Eat More Kale!
Not just because it’s good for you and the planet, but because it tastes great too.
Once considered a mere filler in CSA (Community-Supported Agriculture) boxes, kale has moved well beyond its “Oh no, not more kale!” stigma. That’s because it is now recognized as one of the healthiest of all greens. Indeed, as an excellent source of vitamins K, A and C, and with impressively high levels of antioxidants and sulfur-containing phytonutrients, kale packs a serious nutritional punch.
Along with other members of the Brassica family, which includes cabbage, Brussels sprouts and broccoli, kale has been linked to cancer prevention. Including kale in your diet helps reduce cholesterol levels (especially when steamed), and aids in the body’s natural detoxification processes. To top it off, kale is excellent for your eyesight.
Bottom line: eat more kale.
Despite its recent gain in popularity, kale has been cultivated in North America since the 17th century when it was brought over by English settlers. During the Middle Ages, it was one of the most widely consumed green vegetables in Europe, particularly in colder climate countries, due to its ability to withstand a hard frost.
There are three main varieties of kale: curly, dinosaur and red Russian. They vary somewhat in appearance as well as taste and texture, but all are equally nutritious. Some people consider kale solely a cooking green as its leaves can be too tough to eat raw, especially when it is older. But believe it or not, you can massage raw kale until it is tender enough to serve in a salad. Start by lighting a candle to set the mood. Then wash and pull the leaves from the ribs of a bunch of kale. Combine the leaves with a couple pinches of sea salt and a tablespoon of olive oil, and massage it into the leaves for a few minutes until the kale feels softer and has turned a brighter shade of green.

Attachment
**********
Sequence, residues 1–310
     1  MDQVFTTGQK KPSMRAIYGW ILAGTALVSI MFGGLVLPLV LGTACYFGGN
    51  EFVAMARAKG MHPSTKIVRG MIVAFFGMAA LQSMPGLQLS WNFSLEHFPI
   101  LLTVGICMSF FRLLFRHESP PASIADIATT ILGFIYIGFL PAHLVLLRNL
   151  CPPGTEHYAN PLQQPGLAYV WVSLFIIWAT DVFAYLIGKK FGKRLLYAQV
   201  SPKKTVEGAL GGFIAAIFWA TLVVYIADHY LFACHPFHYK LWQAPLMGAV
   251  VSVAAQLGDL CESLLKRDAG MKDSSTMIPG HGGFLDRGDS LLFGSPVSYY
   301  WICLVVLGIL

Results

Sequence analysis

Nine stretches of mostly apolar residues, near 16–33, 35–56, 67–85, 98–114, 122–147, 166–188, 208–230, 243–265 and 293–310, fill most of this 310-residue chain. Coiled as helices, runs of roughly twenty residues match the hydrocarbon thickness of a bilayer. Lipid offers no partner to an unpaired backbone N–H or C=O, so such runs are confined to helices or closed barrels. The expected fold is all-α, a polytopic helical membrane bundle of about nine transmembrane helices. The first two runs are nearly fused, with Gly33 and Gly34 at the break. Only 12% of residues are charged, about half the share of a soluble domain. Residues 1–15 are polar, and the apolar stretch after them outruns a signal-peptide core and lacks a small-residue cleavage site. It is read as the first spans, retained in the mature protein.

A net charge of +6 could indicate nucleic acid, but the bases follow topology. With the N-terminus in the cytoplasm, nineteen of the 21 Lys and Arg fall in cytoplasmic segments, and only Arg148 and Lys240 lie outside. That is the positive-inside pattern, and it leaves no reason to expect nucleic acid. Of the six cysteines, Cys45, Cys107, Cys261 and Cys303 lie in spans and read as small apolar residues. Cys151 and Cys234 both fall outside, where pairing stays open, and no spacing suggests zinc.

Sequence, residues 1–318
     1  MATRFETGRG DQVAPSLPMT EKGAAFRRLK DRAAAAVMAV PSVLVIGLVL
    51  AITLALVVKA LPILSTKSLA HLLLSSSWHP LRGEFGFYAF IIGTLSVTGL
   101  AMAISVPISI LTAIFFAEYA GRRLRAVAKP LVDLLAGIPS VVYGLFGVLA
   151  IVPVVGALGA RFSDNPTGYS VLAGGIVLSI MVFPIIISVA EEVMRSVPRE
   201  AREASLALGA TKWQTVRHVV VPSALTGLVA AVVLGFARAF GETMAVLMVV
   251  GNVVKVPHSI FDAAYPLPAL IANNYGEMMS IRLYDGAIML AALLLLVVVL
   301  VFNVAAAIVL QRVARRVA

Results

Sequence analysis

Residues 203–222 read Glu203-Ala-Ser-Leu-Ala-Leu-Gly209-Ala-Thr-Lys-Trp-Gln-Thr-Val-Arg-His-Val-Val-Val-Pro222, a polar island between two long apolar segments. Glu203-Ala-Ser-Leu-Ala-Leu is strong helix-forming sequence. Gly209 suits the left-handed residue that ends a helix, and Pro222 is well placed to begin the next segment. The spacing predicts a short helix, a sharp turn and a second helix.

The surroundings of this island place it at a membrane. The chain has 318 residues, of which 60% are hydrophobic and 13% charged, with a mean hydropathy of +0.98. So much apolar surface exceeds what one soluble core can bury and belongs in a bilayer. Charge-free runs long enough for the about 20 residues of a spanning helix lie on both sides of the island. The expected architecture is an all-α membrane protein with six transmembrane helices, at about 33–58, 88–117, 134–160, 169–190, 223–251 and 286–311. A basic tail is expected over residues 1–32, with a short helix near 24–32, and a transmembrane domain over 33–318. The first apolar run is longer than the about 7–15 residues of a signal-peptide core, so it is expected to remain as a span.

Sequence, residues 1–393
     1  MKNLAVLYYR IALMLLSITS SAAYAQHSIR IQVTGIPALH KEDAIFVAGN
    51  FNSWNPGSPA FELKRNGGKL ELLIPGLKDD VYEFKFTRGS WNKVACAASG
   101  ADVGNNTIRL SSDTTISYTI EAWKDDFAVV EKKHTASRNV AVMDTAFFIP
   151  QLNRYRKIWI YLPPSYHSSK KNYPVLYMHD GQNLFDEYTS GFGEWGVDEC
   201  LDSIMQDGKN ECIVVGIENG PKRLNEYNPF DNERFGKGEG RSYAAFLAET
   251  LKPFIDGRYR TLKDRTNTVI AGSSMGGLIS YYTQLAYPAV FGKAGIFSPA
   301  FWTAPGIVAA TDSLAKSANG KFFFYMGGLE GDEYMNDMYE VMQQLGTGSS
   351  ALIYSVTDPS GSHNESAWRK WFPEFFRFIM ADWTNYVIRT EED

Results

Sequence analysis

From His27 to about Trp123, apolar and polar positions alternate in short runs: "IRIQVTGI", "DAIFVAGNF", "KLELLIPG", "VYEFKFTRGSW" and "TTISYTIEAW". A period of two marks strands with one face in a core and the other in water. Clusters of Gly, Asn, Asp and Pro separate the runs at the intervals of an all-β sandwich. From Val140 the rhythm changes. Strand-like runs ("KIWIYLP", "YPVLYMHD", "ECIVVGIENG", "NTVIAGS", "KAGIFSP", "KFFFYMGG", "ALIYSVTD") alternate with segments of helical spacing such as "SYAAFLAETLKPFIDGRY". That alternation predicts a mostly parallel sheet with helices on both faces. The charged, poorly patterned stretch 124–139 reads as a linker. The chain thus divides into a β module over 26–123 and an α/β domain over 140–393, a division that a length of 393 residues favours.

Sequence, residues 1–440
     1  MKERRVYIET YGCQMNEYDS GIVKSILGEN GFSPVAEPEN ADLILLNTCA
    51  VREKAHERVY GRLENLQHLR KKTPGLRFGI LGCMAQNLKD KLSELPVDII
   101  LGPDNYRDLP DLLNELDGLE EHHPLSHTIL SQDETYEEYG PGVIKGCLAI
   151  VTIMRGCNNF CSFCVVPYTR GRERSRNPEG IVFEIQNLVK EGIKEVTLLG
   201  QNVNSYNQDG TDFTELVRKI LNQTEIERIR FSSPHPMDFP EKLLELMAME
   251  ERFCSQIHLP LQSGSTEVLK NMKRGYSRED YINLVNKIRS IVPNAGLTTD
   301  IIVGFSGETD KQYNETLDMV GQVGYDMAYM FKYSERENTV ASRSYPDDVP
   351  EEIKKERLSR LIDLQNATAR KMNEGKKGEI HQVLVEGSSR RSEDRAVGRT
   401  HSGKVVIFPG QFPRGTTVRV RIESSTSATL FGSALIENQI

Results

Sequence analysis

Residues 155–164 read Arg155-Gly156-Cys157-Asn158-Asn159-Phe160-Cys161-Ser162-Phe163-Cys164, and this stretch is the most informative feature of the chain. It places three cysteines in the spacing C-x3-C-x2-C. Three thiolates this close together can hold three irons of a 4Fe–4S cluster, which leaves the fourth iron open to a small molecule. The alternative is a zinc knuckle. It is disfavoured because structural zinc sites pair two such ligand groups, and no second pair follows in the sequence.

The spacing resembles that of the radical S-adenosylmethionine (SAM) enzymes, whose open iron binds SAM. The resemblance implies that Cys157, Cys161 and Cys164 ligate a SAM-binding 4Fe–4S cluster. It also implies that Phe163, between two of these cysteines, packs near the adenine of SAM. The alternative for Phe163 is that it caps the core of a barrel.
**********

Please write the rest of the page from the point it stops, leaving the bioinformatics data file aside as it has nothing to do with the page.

Or simply toss the torn leaves with salad dressing and let them sit for at least an hour. The oil and vinegar will gradually tenderize the leaves. You can even leave dressed kale overnight in the refrigerator and it will soften nicely – unlike other dressed salad greens – without becoming mushy. Another reason to eat more kale.
And here’s one more. Kale is very popular with farmers and gardeners because it takes up so little room in the garden and can be harvested from the same plant all season long. Amy Ouchterlony, who operates Fiddle Foot Farm with her partner Graham Corbett, recommends waiting until a kale plant is well established – almost two feet tall with about eight to ten leaves, probably by late June – before harvesting. At that point, you can begin snapping off some of the bottom leaves. Be sure to leave the growing tips at the top, and your kale plant will continue producing right through until winter. It’s easy to eat more kale.
As Amy says, “This is one of those crops that really extends our local growing season.” In fact, this vegetable’s flavour actually improves and sweetens during frosty temperatures as the plant stores energy for winter in the form of sugar.
Amy, who has walked through a foot of snow to harvest kale on many occasions, says even when the leaves are frozen, you can let them thaw and they are as good as fresh. In fact, if you want to preserve kale for later months, throw the whole plant into the freezer and snip off leaves as needed.
So the moral of the story really is: eat more kale. It’s extremely good for you and it maximizes our local growing season. In the words of Canada’s first lady of song, “Kale, kale, kale.”